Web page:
- Pocket: A central storage space to hold articles, videos and other content for easy viewing later. It can download content for offline use and you can share it with other Pocket users too.
- LastPass: A password management tool that can quickly generate strong and secure passwords, save them in an online encrypted vault and give you access to them across all your devices. And it’ll log you in to sites with a single click.
- Buffer: A social media manager that lets you create, schedule and track your posts. You can set up different posting times for each of your Facebook, Twitter, Instagram, LinkedIn, Pinterest and other accounts.
- Join.Me: Set up a virtual meeting with just a few clicks. Or join one by entering a code in your web browser – you won’t need to download or install anything.
- Metactrl Sync: An app to auto-sync android smartphones and their connected cloud storage apps like OneDrive and Dropbox (which usually come with manual sync).
3. List the devices and apps that they should be using, instead
Most unauthorized devices and apps are used as workarounds. So, if your team uses unsafe software, give them a safer alternative and they’re guaranteed to switch. Also, encourage them to share new tools they discover, so you can keep your ‘okayed’ list relevant.
4. Create an explicit shadow IT policy
This is a list of specific do’s and don’ts for your team. It’ll outline:
- Possible scenarios where shadow apps may be okay,
- What restrictions apply in these scenarios
- Cybersecurity best practices that each team member must follow.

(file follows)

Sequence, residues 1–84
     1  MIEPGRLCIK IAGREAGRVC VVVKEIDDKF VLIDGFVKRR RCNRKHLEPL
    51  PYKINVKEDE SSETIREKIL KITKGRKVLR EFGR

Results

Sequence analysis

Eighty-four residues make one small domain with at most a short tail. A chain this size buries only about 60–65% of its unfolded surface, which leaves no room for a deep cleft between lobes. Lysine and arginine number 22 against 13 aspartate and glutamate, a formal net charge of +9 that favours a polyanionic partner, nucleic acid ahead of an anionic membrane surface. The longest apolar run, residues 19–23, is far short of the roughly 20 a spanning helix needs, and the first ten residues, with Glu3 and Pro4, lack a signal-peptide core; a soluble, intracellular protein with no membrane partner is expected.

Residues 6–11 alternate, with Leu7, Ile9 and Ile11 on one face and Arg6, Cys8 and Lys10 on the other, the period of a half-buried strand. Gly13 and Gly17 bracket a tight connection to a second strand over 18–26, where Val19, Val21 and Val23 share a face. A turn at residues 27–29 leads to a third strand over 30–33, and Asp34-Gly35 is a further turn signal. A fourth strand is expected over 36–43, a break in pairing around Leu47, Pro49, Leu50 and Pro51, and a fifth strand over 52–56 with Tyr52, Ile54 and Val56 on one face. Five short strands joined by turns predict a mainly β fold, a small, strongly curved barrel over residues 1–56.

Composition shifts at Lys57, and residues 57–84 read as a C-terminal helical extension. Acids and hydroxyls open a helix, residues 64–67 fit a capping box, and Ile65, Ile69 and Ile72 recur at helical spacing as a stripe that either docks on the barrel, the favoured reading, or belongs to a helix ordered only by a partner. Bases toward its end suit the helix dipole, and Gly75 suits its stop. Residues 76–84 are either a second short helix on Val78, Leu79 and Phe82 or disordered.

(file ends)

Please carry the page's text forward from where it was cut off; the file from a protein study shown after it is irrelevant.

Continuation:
- Security measures the admin (or IT team) will take, such as tagging devices and monitoring your firm’s WiFi traffic.
(Learn how to draft a shadow IT policy.)
GoldFynch: The perfect eDiscovery shadow IT success story
Years ago, the cloud-eDiscovery application GoldFynch started off as an underdog. Soon, though, small and midsize law firms spotted its potential and ‘okayed’ it for their teams to use. But it was a calculated decision based on these factors.
- GoldFynch costs just $10 a month for a 1 GB case: That’s significantly less than most comparable software. With GoldFynch, you know what you’re paying for exactly – its pricing is simple and readily available on the website.
- It’s easy to budget for. GoldFynch charges only for storage (processing is free). So, choose from a range of plans (1 GB to 150+ GB) and know up front how much you’ll be paying. It takes just a few clicks to move from one plan to another, and billing is prorated – so you’ll pay only for the time you spend on any given plan. With legacy software, pricing is much less predictable.
- It’s safe. Your data is protected by bank-grade security. Perfect for small and midsize firms.
- It’s quick to get started. GoldFynch runs in the Cloud, so you use it through your web browser (Google Chrome recommended). No installation. No sales calls or emails. Plus, you get a free trial case (0.5 GB of data and processing cap of 1 GB), without adding a credit card.
- It’s simple to use. Many eDiscovery applications take hours to master. GoldFynch takes minutes. It handles a lot of complex processing in the background, but what you see is minimal and intuitive. Just drag-and-drop your files into GoldFynch and you’re good to go. Also, you get prompt and reliable tech support.
- It keeps you flexible. To build a defensible case, you need to be able to add and delete files freely. Many applications charge to process each file you upload, so you’ll be reluctant to let your case organically shrink and grow. And this stifles you. With GoldFynch, you get unlimited processing for free.
- Access it from anywhere. And 24/7. All your files are backed up and secure in the Cloud. And so it’s perfect for when you have to work from home.
Want to find out more about GoldFynch?
Looking for articles that can help law firms like yours?
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- 6 Email eDiscovery File Types (Must Know): PST, MSG, EDB, OST, EML & MBOX
- 5 eDiscovery Security Features Every Law Firm Should Use
- What is ESI (Electronically Stored Information)? eDiscovery Basics for Small Law Firms
- eDiscovery: Can I Choose Where My Data Gets Stored?